Keightley, Thomas (c.1650–1719), government official, was born in Hertfordshire, England, only son of William Keightley of Hertingfordbury, Hertfordshire, and his wife Anne, daughter of John Williams of London. In 1672 he was appointed gentleman-usher to James (qv), duke of York, which association was strengthened by Keightley's marriage (9 July 1675) to Frances, daughter of Edward Hyde, earl of Clarendon, and sister of York's first wife. Soon after his marriage Keightley sold his property in Hertfordshire and moved to Ireland, where he received a 31-year grant of £238 annual rents from York's Irish estate and a yearly pension of £400. The assumption that Keightley converted to catholicism around this time is based on the presence of several catholics in his extended family, and on Frances's conversion in the 1680s. However, in 1686 Frances's anglican brother, Henry Hyde (qv), earl of Clarendon, informed his younger brother, Laurence Hyde (qv), earl of Rochester, that he was satisfied with regard to Keightley's religion, thereby implying that the doubts expressed about Keightley's adherence to the protestant church were unfounded. In fact, it appears that Keightley's estrangement from his wife in the later 1680s, after the birth of seven sons and two daughters (of whom only a daughter, Catherine, survived to adulthood), was caused by Frances's conversion, an action that aroused active concern for her mental well-being in her two brothers. The marriage proved irreparable.
After Clarendon's appointment as lord lieutenant of Ireland, Keightley was appointed vice-treasurer (1686), though the grant applied only to the judicial role, with a annual salary of £20. Both Clarendon and Rochester hoped to get Keightley appointed to the revenue commission as well, though their endeavours during 1686–8 met without success. In July 1686 Clarendon sent Keightley to England in order to keep Rochester, then England's lord high treasurer, informed on Irish affairs. Keightley stayed in England for the remainder of James II's reign, being one of the last people to speak with the king before his departure for France (December 1688). Keightley had been sent by Clarendon to try to convince the king to remain in England.
Despite his involvement with government under James II, after the 1688 revolution Keightley became a central figure in Irish government for more than twenty years. In 1692 he was appointed to the privy council and revenue commission. He sat in the Irish parliament for Ennisteoge (Inistioge), Co. Kilkenny (1695–9), and Co. Kildare (1703–11, 1713–14), and was a consistent adherent of the court party. His parliamentary activity related mainly to revenue supply proceedings, and he was usually identified with the tories. In 1695 he was praised by the tory lord chancellor, Sir Charles Porter (qv), for his part in preventing the attempted impeachment of Porter by the whig lord deputy's parliamentary managers. The lord deputy, Henry, Lord Capel (qv), went so far as to describe Keightley as a Jacobite.
In the early 1690s Keightley was also involved in proceedings for recovery of his rents and pension, which had not been paid since 1689. Having tried for a renewal of the original grants, he petitioned (1694) for a custodiam out of the Williamite land forfeitures, initially receiving a three-year grant. Having received favourable rent remissions, he petitioned successfully for a lifelong grant. The 1699 report of the English-appointed parliamentary commissioners of inquiry into the forfeitures named Keightley as one of the sixteen grantees who benefited most from the forfeitures, and one of five grantees who had sold substantial parts of their grants. The resumption of the forfeitures by the English parliament in 1700 threatened to ruin Keightley financially, though in time he managed to get an act passed confirming his grant.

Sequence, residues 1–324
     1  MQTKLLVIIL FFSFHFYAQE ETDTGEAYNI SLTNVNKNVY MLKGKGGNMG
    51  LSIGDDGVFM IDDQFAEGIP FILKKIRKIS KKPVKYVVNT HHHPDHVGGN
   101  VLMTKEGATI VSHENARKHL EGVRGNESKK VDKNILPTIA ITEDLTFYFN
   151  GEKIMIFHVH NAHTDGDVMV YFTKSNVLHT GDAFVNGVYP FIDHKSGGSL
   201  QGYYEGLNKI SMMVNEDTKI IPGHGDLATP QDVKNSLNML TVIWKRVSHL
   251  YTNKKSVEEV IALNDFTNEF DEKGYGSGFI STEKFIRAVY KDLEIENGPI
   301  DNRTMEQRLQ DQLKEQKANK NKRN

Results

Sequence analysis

Keightley's position improved with the appointment of his tory brother-in-law, Rochester, as lord lieutenant (1700). Prior to Rochester's arrival (autumn 1701), Keightley acted as his personal agent, adviser, and mouthpiece in government. In return Rochester secured a regrant of Keightley's 1680s pension, along with a pension for his daughter, Catherine. After Rochester's return to England, Keightley was appointed as one of his lords justices (March 1702–February 1703). His high profile under Rochester led to an unfounded rumour that Keightley was to be made an earl and appointed lord deputy. Having taken a leading role in the preparations for the 1703 parliament convened by the new tory lord lieutenant, James Butler (qv), duke of Ormond, Keightley was involved in the court party's negotiations with the whigs regarding the revenue supply, and in the tory government's pre-session meetings for the 1705 session, while in 1707 he again took a leading role in the negotiations on supply, and, on the order of the lord lieutenant, Thomas Herbert (qv), earl of Pembroke, made the proposal in the house of commons for the compromise supply. In 1709, when the whigs were in government, Keightley sided with the court against the tories in the supply proceedings. The following year he again acted on behalf of the whig court party in parliament, and served as a commissioner of the great seal (November 1710–January 1711) after the death of the whig lord chancellor, Richard Freeman. However, Keightley was quick to express his pleasure at the return to tory government in 1711 under Ormond, while in the 1713–14 session he voted for Sir Richard Levinge (qv), the defeated tory candidate in the speakership contest. His association with the tories resulted in his removal from the revenue commission after the Hanoverian succession (1714). The year before, he had received a pension of £1,000. He did not serve in office again, and died on 19 January 1719.